The Meaning of Baha Men’s “Who Let The Dogs Out”

The nostalgia is real when it comes to Baha Men’s “Who Let The Dogs Out.” Most 90s kids remember hearing the song in Rugrats in Paris, which is how it achieved fame, and nowadays it’s used as a pump-up song in sports arenas everywhere.

However, when shouting back the boisterous “who, who, who, who, who!” at sports games, most don’t consider the meaning of “Who Let The Dogs Out.” And we certainly weren’t thinking about it as kids.

Looking at the lyrics today, we can see that they are actually quite feminist. They depict a bumping party where everybody is dancing and having a good time until the men start aggressively hitting on the women.

This is depicted in the first verse:

Well the party was nice, the party was pumpin’ (Hey, Yippie-Yi-Yo)
And everybody havin’ a ball (Hah, ho, Yippie-Yi-Yo)
Until the fellas started name callin’ (Yippie-Yi-Yo)
And the girls respond to the call, I heard a woman shout out

First verse to “Who Let The Dogs Out” by Baha Men.

As we can see, these fellas showed up at the party and started catcalling the women, who were previously having a ball.

However, these women look out for each other, so they shout out in response and refer to the disrespectful men as dogs. Hence the chorus:

Who let the dogs out?
Who, who, who, who, who?
Who let the dogs out?
Who, who, who, who, who?
Who let the dogs out?

Chorus to “Who Let The Dogs Out” by Baha Men.

The lyrics to the first bridge are fairly hard to make out, and are listed differently in different places, but the important part is that she calls this dog, named “Gruffy” or “Scruffy”, a “flea-infested mongrel.”

Below is the first bridge as listed on Genius:

I see ya’ little speedboat head up our coast
She really want to skip town
Get back gruffy, back scruffy
Get back you flea-infested mongrel!

Bridge to “Who Let The Dogs Out” by Baha Men.

Clearly these men are not doing themselves any favors with the women at the party, though to them it is just part of the game.

In the second verse we can see that the singer himself is playing that game, and he’s trying to tell himself not to be upset when a woman calls him a dog, because this is the game that he signed up for.

Baha men promotional shot from 2000.

His goal, at the end of the night, is to have a woman in front of him while he’s behind her. If you’re thinking of doggystyle, then you’re on the right track:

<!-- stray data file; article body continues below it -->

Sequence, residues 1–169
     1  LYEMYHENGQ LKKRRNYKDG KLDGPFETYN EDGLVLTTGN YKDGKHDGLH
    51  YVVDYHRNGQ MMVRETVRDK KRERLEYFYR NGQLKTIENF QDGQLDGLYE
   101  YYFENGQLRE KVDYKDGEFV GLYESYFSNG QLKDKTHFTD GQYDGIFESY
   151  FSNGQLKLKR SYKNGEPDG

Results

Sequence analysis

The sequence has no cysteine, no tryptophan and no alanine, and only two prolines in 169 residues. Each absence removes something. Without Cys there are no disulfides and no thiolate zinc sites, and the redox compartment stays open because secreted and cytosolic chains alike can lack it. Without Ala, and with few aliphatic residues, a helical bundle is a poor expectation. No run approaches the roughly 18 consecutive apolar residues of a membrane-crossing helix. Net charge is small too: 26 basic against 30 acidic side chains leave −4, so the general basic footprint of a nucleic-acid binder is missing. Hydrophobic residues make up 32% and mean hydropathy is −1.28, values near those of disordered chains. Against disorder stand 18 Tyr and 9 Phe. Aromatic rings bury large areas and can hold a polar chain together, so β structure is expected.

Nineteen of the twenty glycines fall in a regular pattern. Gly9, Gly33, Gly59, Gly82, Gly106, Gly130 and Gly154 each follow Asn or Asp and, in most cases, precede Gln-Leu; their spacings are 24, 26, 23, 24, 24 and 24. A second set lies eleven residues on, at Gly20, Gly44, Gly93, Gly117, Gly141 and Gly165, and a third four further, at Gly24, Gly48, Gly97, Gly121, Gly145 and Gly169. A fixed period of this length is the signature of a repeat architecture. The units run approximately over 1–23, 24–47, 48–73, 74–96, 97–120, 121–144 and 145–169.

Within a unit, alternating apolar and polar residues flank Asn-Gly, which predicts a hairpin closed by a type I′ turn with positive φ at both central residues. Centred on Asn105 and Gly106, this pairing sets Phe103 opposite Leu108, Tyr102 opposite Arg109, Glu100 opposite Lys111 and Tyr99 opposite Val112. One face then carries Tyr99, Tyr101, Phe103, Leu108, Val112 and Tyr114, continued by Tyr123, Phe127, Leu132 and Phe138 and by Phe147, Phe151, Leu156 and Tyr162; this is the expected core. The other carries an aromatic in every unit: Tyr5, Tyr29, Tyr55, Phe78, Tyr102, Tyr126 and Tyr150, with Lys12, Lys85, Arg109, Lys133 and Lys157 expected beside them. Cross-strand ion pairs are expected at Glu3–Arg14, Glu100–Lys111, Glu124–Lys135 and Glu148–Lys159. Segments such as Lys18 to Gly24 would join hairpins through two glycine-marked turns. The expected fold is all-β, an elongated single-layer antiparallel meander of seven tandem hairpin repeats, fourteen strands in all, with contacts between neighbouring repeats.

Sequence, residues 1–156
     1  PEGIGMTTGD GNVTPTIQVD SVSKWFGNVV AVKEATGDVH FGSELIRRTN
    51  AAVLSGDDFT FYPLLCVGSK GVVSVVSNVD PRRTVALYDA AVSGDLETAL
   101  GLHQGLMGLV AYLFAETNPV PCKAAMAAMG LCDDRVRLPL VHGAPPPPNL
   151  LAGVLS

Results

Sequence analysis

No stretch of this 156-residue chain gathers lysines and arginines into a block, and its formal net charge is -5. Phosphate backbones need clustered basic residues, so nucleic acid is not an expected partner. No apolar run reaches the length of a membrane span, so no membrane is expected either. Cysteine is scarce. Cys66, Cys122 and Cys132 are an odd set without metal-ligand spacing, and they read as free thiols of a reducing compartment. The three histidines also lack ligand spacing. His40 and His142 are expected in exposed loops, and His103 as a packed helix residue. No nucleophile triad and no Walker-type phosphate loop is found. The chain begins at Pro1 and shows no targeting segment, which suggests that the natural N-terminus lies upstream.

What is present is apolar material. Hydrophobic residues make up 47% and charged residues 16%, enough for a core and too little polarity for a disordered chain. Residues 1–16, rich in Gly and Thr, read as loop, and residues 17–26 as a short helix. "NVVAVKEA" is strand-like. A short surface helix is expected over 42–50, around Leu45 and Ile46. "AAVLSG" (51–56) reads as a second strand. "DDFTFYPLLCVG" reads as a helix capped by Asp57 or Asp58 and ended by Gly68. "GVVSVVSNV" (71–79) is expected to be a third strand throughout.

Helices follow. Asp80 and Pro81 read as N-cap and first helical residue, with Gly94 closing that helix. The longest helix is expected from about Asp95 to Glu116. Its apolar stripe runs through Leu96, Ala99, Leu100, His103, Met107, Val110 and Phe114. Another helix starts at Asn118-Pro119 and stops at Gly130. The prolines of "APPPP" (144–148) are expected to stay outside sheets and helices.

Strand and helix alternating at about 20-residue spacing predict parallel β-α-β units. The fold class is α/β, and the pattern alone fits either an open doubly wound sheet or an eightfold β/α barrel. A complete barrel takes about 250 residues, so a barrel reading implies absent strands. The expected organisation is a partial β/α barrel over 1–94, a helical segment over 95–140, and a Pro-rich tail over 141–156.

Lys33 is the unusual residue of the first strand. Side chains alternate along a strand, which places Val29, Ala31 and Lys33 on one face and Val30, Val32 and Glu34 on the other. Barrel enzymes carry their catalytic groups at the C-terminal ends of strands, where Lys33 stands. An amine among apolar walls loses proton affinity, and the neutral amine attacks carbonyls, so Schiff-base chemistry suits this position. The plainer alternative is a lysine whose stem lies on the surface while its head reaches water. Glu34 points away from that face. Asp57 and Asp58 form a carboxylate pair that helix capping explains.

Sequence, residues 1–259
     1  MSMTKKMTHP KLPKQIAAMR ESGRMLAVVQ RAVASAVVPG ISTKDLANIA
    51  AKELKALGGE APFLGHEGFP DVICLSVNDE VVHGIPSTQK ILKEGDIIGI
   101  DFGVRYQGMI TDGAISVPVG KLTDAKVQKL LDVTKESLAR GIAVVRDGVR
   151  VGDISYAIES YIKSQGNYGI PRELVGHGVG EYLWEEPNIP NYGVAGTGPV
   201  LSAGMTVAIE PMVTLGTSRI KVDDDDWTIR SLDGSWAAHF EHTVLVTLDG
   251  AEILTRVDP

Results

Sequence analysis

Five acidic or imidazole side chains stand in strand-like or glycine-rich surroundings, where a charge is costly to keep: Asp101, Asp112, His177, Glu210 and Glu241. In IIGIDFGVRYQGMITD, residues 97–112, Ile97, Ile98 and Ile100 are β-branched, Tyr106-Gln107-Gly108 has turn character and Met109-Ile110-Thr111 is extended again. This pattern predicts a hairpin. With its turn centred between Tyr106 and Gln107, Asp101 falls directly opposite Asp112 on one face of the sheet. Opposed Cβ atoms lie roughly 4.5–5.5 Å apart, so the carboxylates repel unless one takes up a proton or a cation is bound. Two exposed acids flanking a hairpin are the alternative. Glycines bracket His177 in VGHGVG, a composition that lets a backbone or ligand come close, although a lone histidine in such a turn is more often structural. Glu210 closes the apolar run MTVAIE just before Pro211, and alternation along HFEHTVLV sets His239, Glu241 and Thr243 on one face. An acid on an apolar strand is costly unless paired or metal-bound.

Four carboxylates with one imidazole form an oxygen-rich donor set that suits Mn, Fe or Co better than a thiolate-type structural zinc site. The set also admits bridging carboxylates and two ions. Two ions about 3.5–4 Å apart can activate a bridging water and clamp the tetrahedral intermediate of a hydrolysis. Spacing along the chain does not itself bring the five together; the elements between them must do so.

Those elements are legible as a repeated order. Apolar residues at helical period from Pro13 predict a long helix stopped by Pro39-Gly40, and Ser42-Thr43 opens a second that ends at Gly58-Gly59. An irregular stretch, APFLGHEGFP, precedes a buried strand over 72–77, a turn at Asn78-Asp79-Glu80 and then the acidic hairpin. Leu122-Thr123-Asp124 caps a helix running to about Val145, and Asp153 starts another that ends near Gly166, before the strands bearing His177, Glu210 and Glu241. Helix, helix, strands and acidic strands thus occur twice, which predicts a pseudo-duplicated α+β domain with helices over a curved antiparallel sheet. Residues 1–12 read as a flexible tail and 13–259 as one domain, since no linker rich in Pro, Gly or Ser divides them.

Gonna tell myself, “Hey man no get angry” (Hey, Yippie, Yi, Yo)
To any girls calling them canine, hey! (Yippie, Yi, Yo)
But they tell me “Hey Man, It’s part of the Party!” (Yippie Yi, Yo)
You put a woman in front and her man behind (Yippie, Yi, Yo), I heard a woman shout out

Second verse to “Who Let The Dogs Out” by Baha Men.

Next up is another hit of that booming chorus, and then a short section with repeated lyrics stating how a doggy is nothing without his bone. Of course, this is yet another innuendo.

In the third verse, we can see that the singer has accepted his status as a dog, and has decided to stop thinking about it and just enjoy the night:

Well if I am a dog, the party is on
I gotta get my groove cause my mind done gone
Do you see the rays comin’ from my eye
Walking through the place
That Diji man is breakin’ it down?
Me and my white short shorts
And I can’t see color, any color will do
I’ll stick on you, that’s why they call me Pitbull
Cause I’m the man of the land
When they see me they say Woo!

Third verse to “Who Let The Dogs Out” by Baha Men.

We’re offered a visual of the white short shorts that this dog wears when he’s on the prowl, and he’s got rays coming from his eyes as he searches around the place for somebody to go home with.

He says that he doesn’t see color, meaning that he isn’t too picky about the woman he goes home with, and he’s ready to stick on the next willing participant like a pitbull.

“Who Let The Dogs Out” was not written by the Baha Men but rather by the Trinidadian composer Anslem Douglas, who first recorded the song as a single called “Doggie” in 1998.

Soon after, it was covered by Jonathan King with his project Fat Jakk and his Pack of Pets. King showed the track to record producer Steve Goldberg, who gave it to the Baha Men and “Who Let The Dogs Out Was Born”.

Listen to versions of the song by Baha Men, Anslem Douglas, and Fat Jakk and his Pack of Pets below.

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